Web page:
While most people suffering from addiction have varying degrees of dental decay, it’s likely caused by both the drugs themselves and the unhealthy lifestyle choices typical of those suffering.

Toothaches are among the first side effects of ongoing drug use, making dentists often the first — and sometimes only — medical care a person who used drugs may see. Those first signs are now common sights for dentists across the region, and Brody has traveled nationwide this past year lecturing other oral health providers on how to spot addiction.

Narcotics like heroin, methamphetamine and prescription pills tend to dry the mouth of saliva, diminishing its protective and restorative effect on teeth. Meth in particular, which is more often smoked than heroin, is especially acidic. A person’s diet tends to become more refined, particularly high in sugar, and their overall personal hygiene tends to be a second thought.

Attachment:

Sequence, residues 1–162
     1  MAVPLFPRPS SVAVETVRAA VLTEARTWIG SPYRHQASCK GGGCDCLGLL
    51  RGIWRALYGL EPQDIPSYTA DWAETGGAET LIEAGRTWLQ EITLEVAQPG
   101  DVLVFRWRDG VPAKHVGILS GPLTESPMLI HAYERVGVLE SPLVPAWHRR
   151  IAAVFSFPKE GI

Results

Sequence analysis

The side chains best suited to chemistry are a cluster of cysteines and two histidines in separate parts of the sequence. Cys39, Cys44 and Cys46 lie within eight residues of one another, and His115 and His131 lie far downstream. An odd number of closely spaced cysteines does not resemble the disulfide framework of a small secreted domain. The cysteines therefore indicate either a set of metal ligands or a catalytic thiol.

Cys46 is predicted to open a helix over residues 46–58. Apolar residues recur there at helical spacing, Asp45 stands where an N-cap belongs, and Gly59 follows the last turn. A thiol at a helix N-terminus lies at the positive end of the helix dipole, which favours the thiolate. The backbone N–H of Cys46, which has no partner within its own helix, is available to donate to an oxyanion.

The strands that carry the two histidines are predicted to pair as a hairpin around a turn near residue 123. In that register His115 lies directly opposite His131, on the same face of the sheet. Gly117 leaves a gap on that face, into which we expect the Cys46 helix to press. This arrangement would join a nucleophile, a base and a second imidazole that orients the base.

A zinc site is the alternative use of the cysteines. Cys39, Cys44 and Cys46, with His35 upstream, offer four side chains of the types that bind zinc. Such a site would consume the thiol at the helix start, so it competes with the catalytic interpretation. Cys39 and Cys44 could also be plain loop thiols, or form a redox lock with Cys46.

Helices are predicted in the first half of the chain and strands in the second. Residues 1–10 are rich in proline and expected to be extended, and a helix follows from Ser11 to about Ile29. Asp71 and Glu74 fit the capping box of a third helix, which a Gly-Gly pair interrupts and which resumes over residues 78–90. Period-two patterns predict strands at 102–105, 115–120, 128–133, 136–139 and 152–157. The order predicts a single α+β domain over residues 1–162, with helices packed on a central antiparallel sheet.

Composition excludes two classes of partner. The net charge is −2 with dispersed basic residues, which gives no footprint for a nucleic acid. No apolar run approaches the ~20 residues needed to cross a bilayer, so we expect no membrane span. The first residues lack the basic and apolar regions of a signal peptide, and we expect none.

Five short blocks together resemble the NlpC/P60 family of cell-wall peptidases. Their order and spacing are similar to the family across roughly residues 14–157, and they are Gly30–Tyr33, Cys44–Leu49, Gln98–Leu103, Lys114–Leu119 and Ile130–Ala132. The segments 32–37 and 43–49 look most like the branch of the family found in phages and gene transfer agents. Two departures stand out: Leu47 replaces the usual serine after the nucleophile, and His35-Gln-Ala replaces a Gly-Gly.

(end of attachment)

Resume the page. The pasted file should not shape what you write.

Another major cause of tooth decay in those currently in recovery is from Suboxone — an oral strip given to those in medication-assisted treatment (MAT) to ween an individual from their withdrawal symptoms. Suboxone itself is highly acidic, with a pH of about 3.4 — the same as tomato juice — and patients are told to let it dissolve in their mouths as long as possible.

“The problem is that most folks come in medication-assisted treatment already compromised, so by the time (dentists) get to see them, the teeth are so far gone that there’s not a lot you can do other than extract the teeth,” Brody said.

“I don’t think I’ve had one patient that I’ve seen that’s in a MAT program that doesn’t have decay to the point they have to lose their teeth.”

Replacing a person’s teeth may also substantially increase their chances of completing a recovery program, according to a University of Utah study Brody referenced.